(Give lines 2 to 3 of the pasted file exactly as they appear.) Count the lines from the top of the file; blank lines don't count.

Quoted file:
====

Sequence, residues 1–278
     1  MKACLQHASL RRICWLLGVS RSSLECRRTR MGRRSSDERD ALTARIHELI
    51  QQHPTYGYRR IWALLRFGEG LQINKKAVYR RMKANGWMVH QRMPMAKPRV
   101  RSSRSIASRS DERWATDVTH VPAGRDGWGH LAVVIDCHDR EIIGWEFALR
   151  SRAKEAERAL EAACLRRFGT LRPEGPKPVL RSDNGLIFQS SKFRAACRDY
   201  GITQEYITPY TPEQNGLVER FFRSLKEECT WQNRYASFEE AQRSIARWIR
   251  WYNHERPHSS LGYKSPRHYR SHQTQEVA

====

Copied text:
     1  MKACLQHASL RRICWLLGVS RSSLECRRTR MGRRSSDERD ALTARIHELI
    51  QQHPTYGYRR IWALLRFGEG LQINKKAVYR RMKANGWMVH QRMPMAKPRV